The image of the tree is one of the most common religious symbol archetypes. The ceiba peace tree of ancient Mayan days, the Shinto sakaki tree decorated with paper streamers in Asian homes, the legend of the Native Americans of the eastern woodlands, of the tree growing on the back of the turtle, and the Australian aborigines palm tree, all reverence the fertility and majesty of trees. And, interesting in many cultures, including Palestine and the ancient near east, was the belief that the earth herself was the greatest source of life. And so in the parable of the sower that Jesus tells, the sower doesn’t do anything but scatter the seed, then goes to sleep, eventually gets up, not to water the crops or weed them, but to go back to work, while “the earth produces of itself,” Jesus says, which is the life-force of nature, the power of God deep underneath, the “Ground of our Being.” (Tillich) These are seeds of wisdom Jesus gives us that we can scatter wherever we go, a rich story of life and faith, hope and trust, in our God.
But when it comes to trees, Jesus, whether intentionally or not, subverts the male-centric pattern of the mighty cedar and evergreen, in favor of a large shrub. To be sure, it grows phenomenally and secretly from one of the tiniest of seeds, the mustard seed – but, it’s rather hilarious, however you come to see it – the dominion of God is not like a giant cedar, but grows to be a good sized bush! Jesus has a playfulness with the non-dominant symbol of bush vs. tree, which has a kind of gender-bending, or queer orientation, this amorphous shrubbery. The mustard plant is a weed, an invasive species, actually, and grows subversively, and like a Pentecost wild-fire, spreads itself around, crossing borders and boundaries, ending up somewhere near you, even in your own garden! In common with the tree legend of Ezekiel, is that, the birds of the air, of every kind, come and nest in its branches or shade, whether tree or bush, signaling the inclusion of all people’s, into God’s promise to Israel.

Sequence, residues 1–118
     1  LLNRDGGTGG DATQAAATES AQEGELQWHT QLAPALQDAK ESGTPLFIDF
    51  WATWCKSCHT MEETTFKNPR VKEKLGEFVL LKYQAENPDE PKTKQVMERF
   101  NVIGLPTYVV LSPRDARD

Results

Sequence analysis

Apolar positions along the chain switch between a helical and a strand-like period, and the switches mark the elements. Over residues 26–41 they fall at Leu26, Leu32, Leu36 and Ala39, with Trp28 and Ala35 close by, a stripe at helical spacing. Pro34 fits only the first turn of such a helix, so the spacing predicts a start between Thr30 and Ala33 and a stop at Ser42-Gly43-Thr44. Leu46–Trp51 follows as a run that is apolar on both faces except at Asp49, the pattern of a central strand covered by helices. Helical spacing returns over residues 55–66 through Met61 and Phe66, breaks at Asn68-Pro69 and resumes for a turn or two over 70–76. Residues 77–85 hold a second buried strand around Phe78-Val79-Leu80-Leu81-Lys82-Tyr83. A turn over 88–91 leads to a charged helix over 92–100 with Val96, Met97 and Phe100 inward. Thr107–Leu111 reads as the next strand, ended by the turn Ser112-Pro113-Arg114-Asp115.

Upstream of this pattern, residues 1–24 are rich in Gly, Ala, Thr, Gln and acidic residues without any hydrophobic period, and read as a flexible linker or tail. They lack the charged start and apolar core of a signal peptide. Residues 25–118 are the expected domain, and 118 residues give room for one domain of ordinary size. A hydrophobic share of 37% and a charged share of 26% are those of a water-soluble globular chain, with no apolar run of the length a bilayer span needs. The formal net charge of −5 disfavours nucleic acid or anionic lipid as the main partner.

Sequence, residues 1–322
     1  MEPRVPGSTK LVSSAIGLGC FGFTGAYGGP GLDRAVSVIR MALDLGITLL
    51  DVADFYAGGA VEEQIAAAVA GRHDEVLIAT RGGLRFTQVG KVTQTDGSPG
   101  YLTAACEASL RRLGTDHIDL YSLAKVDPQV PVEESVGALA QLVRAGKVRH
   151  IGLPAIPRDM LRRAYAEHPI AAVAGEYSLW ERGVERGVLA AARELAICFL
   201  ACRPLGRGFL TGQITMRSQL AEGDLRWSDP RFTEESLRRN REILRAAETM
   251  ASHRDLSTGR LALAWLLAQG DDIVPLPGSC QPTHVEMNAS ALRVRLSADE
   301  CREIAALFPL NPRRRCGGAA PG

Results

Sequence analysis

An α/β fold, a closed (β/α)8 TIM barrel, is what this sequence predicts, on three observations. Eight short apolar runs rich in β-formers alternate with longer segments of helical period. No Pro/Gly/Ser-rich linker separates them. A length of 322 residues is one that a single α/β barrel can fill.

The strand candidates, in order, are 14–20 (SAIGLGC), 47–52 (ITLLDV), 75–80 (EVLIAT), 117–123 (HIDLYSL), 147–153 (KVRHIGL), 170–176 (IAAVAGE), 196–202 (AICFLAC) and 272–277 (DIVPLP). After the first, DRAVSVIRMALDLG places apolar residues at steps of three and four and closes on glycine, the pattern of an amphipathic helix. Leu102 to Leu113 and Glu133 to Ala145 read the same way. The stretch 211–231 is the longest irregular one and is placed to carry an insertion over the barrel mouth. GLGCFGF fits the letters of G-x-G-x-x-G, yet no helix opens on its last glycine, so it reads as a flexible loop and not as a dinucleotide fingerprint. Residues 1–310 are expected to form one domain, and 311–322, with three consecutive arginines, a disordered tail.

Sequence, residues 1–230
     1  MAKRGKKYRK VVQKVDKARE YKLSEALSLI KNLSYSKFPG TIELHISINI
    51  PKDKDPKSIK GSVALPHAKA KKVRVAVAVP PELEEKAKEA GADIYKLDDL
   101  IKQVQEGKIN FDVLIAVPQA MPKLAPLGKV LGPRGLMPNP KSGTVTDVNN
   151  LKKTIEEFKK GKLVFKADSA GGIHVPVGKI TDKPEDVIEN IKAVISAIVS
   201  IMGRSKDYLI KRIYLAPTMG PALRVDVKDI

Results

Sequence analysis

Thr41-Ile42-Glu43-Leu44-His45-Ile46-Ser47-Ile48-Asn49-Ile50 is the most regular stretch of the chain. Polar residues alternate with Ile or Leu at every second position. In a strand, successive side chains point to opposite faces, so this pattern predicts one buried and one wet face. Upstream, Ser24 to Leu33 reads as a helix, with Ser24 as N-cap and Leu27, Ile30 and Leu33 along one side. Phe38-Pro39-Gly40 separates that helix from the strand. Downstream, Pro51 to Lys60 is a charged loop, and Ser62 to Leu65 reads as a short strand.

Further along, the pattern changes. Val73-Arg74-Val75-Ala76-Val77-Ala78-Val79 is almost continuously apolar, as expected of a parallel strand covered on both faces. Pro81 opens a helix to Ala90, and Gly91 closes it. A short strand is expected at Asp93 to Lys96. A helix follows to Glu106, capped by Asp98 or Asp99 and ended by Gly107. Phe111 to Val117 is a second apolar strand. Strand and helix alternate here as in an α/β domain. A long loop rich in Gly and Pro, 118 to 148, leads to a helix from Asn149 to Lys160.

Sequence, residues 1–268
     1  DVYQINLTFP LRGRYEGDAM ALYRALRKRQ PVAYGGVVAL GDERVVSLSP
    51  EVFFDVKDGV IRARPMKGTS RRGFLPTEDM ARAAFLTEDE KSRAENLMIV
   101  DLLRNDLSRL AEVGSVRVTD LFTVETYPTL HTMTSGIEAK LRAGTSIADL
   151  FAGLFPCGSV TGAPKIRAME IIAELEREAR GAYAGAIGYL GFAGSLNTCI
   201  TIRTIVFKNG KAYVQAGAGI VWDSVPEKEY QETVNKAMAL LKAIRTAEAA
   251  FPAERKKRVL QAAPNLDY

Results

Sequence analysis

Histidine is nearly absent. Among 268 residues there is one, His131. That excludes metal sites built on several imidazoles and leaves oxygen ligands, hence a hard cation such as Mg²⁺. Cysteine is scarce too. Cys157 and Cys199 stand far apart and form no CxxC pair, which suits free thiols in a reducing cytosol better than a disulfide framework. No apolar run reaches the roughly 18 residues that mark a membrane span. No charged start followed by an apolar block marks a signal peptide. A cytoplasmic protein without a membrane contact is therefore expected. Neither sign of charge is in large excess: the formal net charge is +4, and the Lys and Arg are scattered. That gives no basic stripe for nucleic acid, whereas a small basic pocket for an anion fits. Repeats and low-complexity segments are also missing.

For many, this promise of inclusion in its macro-application, points to the “new covenant,” and our inclusion, the Gentiles, through Jesus. And, just this past Friday, in an exciting micro-application, another strong move for the inclusion of all God’s people here in the United States, was announced. President Obama, after careful study, has made a way by executive order, for undocumented youth to live their ‘dream.’ Speaking of the policy he said, “These are young people who study in our schools, they play in our neighborhoods, they’re friends with our kids, they pledge allegiance to our flag, they are Americans in their heart, in their minds, in every single way but one: on paper.”
But now, on paper, undocumented immigrants will be immune from deportation if they were brought to the United States before they turned 16 and are younger than 30, have graduated from high school, or served in the military. Of course there’s politics involved, but what I’m interested in is the way it fulfills the biblical promise that, birds of all kinds, by which was meant, peoples of all nations, are welcome in the neighborhoods they live and work and go to school.
Here in Chicago, Brianda, recent high school graduate, lives in an apartment with her mother and older brother. Brianda hasn’t seen her father, who she described as “abusive,” since she was 4 years old. And until Friday’s announcement by the president, Brianda lived in fear of being sent back to Mexico, even though what she knows about her parents’ hometown there, she’s mostly learned from looking at Google Maps. Brianda came here as a babe in arms – not unlike the Christmas story when Jesus fees to Eygpt to live undocumented for a time. “I’m a person who always does the right thing,” Brianda said. “I don’t like to break the law.” So it didn’t feel right to have to fake papers to land a waitress job recently. This hiding and living in fear sometimes makes her angry, even at her parents. But now she has great hope, and is excited about the opportunity to go to college without fear of being discovered, she said. Bianda plans to study photography at Truman College.